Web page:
Although it could be accused of being all show and no go, the front-wheel drive Fiat Panda Trekking actually has a reasonable degree of off-tarmac ability and is too likeable to damn with such a verdict..
If the Trekking were just a Panda with some jacked up springs and plastic panelling slapped on the side, it would be likely to enjoy much the same demise as many other cars of this ilk. But it’s not.
Power comes from either a 0.9-litre TwinAir 85bhp unit or a 1.3-litre 16v MultiJet diesel and whichever engine you choose, it goes to the front wheels only. But that’s not the end of things because Fiat has installed a clever Traction+ feature to help it find grip in slippery conditions. This set-up works by utilising the stability control system to intervene when the front tyres start to lose grip, applying the brakes to the spinning wheel while directing torque across the axle to the other. It only works below 19mph, but it gives the Trekking a surprising amount of ability when it’s muddy or icy.
The raised ride height means that cornering will be a little less direct than a normal Panda and you will feel crosswinds more. The mud and snow tyres have fairly soft sidewalls, so you’ll have to make compromises in the bends and accept that they’ll sing a little at motorway speeds.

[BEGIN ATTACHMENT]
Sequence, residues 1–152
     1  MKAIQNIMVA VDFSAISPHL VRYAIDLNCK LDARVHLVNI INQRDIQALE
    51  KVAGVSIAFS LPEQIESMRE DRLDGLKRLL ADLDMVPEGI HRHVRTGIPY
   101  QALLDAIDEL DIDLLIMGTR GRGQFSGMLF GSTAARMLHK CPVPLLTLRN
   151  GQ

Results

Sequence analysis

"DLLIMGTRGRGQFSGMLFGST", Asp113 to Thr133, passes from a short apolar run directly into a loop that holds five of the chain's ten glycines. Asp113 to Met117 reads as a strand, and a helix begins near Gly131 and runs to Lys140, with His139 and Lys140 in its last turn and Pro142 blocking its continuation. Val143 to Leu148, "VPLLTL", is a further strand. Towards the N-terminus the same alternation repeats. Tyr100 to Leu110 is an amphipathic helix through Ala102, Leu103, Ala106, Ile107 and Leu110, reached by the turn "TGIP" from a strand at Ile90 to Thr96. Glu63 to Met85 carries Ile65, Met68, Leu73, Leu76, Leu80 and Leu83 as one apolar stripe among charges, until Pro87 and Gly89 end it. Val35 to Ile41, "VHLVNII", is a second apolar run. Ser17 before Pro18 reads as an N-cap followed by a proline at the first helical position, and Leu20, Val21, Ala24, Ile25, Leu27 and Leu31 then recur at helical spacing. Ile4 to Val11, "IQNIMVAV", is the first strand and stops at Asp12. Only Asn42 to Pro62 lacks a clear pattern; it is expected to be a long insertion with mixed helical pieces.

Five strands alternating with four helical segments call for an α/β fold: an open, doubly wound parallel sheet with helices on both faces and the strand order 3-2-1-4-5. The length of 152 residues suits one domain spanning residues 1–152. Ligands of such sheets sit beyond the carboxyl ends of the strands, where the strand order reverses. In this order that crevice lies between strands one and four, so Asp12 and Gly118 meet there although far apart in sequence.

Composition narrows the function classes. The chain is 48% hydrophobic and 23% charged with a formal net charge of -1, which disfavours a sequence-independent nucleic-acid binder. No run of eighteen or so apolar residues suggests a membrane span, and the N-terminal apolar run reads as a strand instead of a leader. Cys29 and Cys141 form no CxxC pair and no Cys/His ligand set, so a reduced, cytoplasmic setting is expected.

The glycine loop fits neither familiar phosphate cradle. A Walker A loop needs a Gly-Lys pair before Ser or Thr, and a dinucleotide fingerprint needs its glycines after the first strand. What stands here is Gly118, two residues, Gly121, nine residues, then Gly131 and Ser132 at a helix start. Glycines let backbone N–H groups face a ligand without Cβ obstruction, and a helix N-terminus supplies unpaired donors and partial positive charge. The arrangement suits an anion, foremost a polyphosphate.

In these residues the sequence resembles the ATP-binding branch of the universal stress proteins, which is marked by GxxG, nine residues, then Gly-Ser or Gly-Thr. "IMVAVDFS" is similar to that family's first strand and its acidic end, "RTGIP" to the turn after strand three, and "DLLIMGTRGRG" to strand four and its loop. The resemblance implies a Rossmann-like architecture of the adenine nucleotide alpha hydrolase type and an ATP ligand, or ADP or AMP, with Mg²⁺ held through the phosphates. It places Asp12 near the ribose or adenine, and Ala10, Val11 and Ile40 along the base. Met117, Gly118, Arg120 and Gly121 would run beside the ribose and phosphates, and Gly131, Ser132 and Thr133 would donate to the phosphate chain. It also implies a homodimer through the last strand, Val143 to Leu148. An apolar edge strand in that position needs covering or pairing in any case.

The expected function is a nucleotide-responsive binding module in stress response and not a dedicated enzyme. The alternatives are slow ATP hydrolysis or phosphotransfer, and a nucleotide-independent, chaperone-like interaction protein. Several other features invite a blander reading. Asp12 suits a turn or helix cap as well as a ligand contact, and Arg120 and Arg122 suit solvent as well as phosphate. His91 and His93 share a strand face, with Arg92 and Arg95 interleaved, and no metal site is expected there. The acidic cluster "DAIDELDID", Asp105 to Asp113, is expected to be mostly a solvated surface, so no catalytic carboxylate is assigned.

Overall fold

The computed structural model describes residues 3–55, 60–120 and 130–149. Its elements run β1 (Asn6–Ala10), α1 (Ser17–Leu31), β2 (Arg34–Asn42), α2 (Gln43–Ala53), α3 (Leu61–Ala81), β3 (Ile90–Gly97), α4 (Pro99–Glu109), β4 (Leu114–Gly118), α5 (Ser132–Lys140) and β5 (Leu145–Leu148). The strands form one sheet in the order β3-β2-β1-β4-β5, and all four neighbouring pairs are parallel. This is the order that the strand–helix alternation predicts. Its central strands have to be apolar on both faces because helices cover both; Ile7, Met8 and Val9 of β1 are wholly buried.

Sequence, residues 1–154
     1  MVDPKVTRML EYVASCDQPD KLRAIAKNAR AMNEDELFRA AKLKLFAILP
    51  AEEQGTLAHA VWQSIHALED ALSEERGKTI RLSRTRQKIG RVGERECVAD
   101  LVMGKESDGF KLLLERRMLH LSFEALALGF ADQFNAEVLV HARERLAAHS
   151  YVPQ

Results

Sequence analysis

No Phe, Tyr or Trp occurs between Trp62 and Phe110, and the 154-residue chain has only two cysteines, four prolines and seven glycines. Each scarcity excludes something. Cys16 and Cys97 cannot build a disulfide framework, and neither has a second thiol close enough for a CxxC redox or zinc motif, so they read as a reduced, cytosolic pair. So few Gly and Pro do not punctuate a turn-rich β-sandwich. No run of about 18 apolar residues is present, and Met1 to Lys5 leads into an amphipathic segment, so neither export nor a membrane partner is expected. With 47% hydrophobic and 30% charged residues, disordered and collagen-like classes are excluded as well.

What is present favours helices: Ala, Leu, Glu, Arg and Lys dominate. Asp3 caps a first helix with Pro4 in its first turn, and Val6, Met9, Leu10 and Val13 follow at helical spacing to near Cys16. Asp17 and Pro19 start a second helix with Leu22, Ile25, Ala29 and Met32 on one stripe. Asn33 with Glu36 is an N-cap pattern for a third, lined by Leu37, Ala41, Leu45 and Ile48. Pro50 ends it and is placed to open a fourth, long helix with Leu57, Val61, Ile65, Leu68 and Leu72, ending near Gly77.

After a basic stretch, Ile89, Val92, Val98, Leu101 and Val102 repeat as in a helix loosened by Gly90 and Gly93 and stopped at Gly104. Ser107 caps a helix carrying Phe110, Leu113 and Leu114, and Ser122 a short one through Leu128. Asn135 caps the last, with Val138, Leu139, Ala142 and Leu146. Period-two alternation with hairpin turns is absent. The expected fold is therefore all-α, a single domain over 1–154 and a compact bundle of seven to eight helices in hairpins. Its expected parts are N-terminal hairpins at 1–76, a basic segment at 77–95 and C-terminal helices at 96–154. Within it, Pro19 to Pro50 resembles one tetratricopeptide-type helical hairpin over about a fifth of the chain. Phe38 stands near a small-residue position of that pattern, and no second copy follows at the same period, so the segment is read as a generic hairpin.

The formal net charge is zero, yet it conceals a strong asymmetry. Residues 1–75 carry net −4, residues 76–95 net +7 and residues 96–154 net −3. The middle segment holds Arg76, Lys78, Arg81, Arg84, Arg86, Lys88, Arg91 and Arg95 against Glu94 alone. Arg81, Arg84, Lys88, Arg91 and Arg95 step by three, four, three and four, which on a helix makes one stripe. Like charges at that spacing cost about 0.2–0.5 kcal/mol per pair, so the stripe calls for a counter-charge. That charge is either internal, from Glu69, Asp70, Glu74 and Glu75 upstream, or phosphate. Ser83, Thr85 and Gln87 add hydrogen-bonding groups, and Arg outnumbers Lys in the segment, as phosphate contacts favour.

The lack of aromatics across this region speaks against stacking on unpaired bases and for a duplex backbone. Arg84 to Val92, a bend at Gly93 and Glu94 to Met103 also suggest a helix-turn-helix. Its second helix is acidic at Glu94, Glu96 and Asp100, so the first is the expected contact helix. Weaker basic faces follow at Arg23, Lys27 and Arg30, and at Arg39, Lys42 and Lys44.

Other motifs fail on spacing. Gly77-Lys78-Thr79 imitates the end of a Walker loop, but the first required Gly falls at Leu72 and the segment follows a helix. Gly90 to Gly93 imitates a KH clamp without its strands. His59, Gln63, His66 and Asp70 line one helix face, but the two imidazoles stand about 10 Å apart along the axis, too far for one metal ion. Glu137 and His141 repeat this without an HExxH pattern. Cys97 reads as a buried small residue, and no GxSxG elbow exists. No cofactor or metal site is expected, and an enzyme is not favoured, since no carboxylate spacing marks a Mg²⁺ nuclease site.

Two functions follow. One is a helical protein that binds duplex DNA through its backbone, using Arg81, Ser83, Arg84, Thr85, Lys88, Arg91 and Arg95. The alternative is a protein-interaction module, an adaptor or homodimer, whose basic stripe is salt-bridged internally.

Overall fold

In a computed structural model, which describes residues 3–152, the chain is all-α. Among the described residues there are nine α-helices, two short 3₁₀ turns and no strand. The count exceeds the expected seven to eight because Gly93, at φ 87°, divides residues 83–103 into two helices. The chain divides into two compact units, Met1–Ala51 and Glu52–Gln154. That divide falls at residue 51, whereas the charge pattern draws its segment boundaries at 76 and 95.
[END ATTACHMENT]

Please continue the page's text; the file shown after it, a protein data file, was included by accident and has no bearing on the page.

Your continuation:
The Panda Trekking certainly looks the part, although you’d have to give it a bit more of a forensic examination to distinguish it from the 4x4 model. It gets body-coloured ‘4x4 style’ bumpers with a black skid-plate, roof rails, side mouldings with ‘4x4’ logo, black wheel arches and side skirts, 15-inch light finish alloy wheels and raised ground clearance. Only the colour of the wheels, the black skid plate and the Trekking badge on the back serve as visual differentiators from the 4x4. This third generation Panda isn’t a whole lot bigger from the outside than its predecessor but there are a number of clever features on the inside to make the most of the available space.
With an overall length of 365cm and width of 164cm, the Panda Trekking can seat five people and rather than the rather apologetic capacity of its predecessor, now features one of the largest luggage compartments in the city car segment. Practicality is boosted by a sliding split/fold rear bench.